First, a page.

Teen needed cranial surgery after ‘drink-fuelled’ body slam

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A woman who witnessed the violence told officers that the sound of the victim’s head hitting the floor was akin to ‘slamming a five-kilo gym ball to the floor’. After seeing the teenager lying motionless, the witness added that ‘she thought that he had died’.

Charlie Hackett Robinson (18) was sentenced to 2½ years in youth detention by the Royal Court yesterday after pleading guilty to grave and criminal assault.

After the sentence was read out, the crying defendant was taken away by court ushers. Following this, one man shouted to the public gallery on his way out: ‘I hope you are happy now.’

The ushers then advised those left in the court’s public seating to stay inside the building while the man was escorted outside.

Crown Advocate Emma Hollywood, prosecuting, called for a three-year sentence and told the court that on Easter Sunday – 21 April 2019 – the victim had gone to a town pub with friends before leaving at closing time and heading to the nightclub Mimosa.

He later told officers that while in Mimosa he was ‘a bit drunk’ but was still able to be himself and had no issues or arguments with anyone inside the club.

However, once outside he became involved in an altercation with Robinson. CCTV footage viewed by the court showed the defendant in Liberation Square pushing the victim away.

One witness, who was sitting in the square at the time, said that the pair then began throwing punches at each other.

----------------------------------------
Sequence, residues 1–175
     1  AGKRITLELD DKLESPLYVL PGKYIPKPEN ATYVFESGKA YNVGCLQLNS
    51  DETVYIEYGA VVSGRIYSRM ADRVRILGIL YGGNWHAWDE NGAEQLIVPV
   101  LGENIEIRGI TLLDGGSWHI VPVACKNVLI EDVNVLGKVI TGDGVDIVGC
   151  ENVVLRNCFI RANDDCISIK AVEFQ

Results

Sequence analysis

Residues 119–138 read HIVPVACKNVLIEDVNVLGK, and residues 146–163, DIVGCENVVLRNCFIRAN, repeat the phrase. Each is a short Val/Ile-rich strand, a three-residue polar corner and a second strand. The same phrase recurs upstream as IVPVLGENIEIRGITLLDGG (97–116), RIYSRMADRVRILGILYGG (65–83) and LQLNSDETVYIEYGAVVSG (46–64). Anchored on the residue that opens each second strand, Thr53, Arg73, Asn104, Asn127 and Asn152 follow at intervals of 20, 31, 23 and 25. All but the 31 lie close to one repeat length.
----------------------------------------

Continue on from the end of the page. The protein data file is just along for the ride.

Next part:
‘They stood at a distance of two or three strides away from me. I could see them clearly without any obstructions in my way,’ she said.

‘Then he [Robinson] picked up [the victim]. His legs were to the sky and his head facing down.

‘[The defendant] then slammed [the victim] down to the ground. I heard his head hit the ground. It was exactly like the sound of slamming a five kilo gym ball to the floor… he didn’t move for about 45 seconds to a minute…’

The victim was taken to hospital before being transferred to to the Wessex Neurological Centre in Southampton the next day.

He required a craniotomy – the cutting of a bone flap in the skull – to remove a blood clot and also fractured one of his vertebrae, which required support with a hard spinal collar for eight weeks. Air was discovered within his skull, requiring required him to stay in Southampton for seven days.

Advocate Francesca Pinel, defending, said that the assault began with what doorstaff said appeared to be a ‘play fight’ and that the final body-slam happened within a matter of seconds.

She added that there had been no method or conscious decision to carry out the final blow, later saying that he had ‘lost his temper’.

Advocate Pinel also said that her client was ‘adamant’ he had not intended to cause the injuries and was genuinely remorseful and that his mental health had suffered as a result of the proceedings.

Deputy Bailiff Tim Le Cocq, presiding, said the court was not able to spare the defendant custody.

‘A number of people witnessed this attack, which they described as horrific, horrible and disgusting. The injuries were unsurprisingly severe and you were very fortunate that they were not more severe than they were,’ he said.

‘We do not know what the full effects will be, but we have read the reports and they suggest that there will be a medium-term effect as a result.

‘We agree with the Crown’s assertion that this was “drink fuelled” and done deliberately. After viewing the CCTV, this offence is too serious to be dealt with by way of a non-custodial sentence.’

Jurats Rozanne Thomas and Joanne Averty were also sitting.

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